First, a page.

I felt there was more emphasis placed on the risk that dwindling numbers of General Aviation locations will impact numbers of available pilots, whose only route for non-military unsubsidized training is light single-engine piston-driven aircraft at these same locations. Greater distance between and lessening numbers of these “roosting places” for aircraft will eventually drive up all costs, already extremely prohibitive for aviators.
What bothers me greatly is that as GA airport’s become squeezed by surging numbers of urban sprawl, the same homeowners who purchased taking advantage of the price reduction for location, (noise), once established then work to cut out the source which granted their discounted opportunity.
The behavior of homeowners who move into subdivisions defined by surrounding circumstances then loudly make objection to those effectors often baffles me. My In-laws gated custom community is in an area of old farmland becoming suburbanized. The builders in much of this area have been sensitive to the natural state of the ponds and creeks feeding down to a large recreational lake by including in the developments an allowance for nature trails and sanctuaries.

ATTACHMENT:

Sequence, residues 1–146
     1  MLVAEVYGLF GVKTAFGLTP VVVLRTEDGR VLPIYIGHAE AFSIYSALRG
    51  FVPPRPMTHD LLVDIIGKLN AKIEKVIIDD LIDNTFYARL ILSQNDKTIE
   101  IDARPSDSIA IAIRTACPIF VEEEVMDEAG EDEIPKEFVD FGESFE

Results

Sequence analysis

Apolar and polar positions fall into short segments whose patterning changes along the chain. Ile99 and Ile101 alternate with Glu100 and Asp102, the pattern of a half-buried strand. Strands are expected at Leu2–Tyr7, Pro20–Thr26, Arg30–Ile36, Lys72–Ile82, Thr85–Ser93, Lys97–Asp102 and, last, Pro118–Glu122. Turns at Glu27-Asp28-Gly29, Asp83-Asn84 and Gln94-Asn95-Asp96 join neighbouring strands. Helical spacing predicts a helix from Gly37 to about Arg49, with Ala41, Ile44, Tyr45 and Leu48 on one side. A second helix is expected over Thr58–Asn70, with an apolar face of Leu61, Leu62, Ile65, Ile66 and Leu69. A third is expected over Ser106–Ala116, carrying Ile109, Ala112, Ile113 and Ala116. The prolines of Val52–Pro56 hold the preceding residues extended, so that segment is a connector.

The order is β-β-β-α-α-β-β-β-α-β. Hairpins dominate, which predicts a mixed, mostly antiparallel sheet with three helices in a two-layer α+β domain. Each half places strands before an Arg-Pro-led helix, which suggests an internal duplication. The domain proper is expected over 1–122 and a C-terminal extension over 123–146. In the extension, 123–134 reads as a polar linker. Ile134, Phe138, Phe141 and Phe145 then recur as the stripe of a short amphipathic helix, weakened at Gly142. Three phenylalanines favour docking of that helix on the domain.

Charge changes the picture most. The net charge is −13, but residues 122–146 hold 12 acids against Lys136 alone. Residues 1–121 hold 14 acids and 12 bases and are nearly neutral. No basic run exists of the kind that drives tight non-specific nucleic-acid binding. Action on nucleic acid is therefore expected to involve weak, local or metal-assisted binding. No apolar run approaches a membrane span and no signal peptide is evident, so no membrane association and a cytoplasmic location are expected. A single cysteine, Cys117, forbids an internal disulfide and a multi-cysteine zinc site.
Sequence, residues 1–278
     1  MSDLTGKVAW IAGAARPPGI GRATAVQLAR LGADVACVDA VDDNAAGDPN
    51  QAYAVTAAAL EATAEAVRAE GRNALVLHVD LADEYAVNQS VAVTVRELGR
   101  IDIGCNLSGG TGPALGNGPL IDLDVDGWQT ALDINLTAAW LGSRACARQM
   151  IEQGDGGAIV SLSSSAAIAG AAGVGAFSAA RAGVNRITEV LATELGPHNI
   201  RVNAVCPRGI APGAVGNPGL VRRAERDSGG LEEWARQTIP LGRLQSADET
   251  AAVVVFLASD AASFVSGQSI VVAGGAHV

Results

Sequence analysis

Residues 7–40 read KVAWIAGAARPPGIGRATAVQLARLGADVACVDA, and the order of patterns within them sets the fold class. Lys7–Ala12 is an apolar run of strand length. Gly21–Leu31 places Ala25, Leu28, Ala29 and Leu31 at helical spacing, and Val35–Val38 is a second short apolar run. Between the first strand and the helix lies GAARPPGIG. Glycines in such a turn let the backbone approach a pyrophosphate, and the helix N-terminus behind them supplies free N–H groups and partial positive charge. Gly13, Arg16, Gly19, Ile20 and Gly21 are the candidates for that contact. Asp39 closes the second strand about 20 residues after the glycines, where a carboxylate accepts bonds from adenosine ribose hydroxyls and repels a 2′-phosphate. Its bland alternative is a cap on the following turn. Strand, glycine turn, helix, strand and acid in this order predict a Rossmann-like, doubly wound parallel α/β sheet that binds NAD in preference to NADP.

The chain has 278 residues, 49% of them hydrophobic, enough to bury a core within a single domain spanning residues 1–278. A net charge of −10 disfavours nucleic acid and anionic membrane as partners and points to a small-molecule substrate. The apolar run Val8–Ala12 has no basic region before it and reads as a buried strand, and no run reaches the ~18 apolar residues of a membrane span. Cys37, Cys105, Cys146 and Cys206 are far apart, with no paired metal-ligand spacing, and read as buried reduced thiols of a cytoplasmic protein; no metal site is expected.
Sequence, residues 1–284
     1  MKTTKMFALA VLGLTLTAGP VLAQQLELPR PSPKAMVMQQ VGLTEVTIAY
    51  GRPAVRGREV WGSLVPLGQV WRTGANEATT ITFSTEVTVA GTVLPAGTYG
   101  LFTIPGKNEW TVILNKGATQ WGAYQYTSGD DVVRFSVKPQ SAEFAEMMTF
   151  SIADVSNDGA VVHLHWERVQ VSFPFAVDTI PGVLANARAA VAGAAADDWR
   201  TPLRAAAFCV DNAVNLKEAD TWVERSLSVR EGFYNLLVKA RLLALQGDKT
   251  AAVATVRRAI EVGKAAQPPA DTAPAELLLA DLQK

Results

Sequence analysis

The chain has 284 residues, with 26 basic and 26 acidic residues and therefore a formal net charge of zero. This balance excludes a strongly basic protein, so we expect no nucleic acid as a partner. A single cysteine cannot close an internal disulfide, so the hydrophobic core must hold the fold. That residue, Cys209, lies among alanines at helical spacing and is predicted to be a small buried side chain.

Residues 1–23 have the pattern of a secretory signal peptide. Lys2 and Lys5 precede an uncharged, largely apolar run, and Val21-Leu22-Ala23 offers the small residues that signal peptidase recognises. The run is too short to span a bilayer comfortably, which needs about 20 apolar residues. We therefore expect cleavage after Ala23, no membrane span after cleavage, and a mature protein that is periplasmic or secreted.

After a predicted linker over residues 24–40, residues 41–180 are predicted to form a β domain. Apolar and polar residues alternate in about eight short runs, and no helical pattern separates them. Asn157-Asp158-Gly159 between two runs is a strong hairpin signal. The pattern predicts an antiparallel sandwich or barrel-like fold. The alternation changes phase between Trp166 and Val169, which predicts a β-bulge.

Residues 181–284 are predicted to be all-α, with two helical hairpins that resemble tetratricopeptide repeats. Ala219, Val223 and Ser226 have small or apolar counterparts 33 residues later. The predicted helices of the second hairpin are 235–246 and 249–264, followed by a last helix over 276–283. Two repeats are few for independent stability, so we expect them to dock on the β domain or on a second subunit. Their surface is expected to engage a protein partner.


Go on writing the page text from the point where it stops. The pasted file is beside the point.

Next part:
My Father-in-law sees the occasional glimpse of a bobcat, and enjoys the sight of transitory geese resting at a protected pond during migration. A neighbor in a nearby gated subdivision drove the local municipality crazy with phone calls till they captured and removed “those extremely dangerous wild turkeys” which occasionally passed near her home.
You pay a premium for builders to allow for a combination of the natural and developed then move in and work to take ‘nature’ out of the equation....I just don’t get it. And on the flip side take advantage of your discount then attempt to shutdown the business which created it....just bad form in my book.
I think the thrust of the documentary as regards protection of GA locations was accurate as concerns the multi faceted layers needed to maintain a microcosm that is an “airport.” From the constant influx of new pilots first solo’s through business corporate accounts (which do indeed often make planes available for mercy missions) up through locally assigned service groups, Fire, Police, Rescue and Air Ambulance.
I agree with your basic point that some people move near an airport because it's cheap, then gripe about it as if they didn't know what they were getting into.